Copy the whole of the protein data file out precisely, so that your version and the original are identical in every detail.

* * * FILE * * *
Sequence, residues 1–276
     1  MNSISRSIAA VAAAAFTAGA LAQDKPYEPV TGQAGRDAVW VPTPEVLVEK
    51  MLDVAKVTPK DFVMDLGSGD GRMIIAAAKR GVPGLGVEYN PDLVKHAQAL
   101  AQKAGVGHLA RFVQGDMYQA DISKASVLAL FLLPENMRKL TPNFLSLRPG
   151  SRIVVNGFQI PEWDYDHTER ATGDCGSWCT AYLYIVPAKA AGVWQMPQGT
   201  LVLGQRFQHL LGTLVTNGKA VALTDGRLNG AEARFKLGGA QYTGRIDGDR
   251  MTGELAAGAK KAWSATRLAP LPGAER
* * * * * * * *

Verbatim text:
Sequence, residues 1–276
     1  MNSISRSIAA VAAAAFTAGA LAQDKPYEPV TGQAGRDAVW VPTPEVLVEK
    51  MLDVAKVTPK DFVMDLGSGD GRMIIAAAKR GVPGLGVEYN PDLVKHAQAL
   101  AQKAGVGHLA RFVQGDMYQA DISKASVLAL FLLPENMRKL TPNFLSLRPG
   151  SRIVVNGFQI PEWDYDHTER ATGDCGSWCT AYLYIVPAKA AGVWQMPQGT
   201  LVLGQRFQHL LGTLVTNGKA VALTDGRLNG AEARFKLGGA QYTGRIDGDR
   251  MTGELAAGAK KAWSATRLAP LPGAER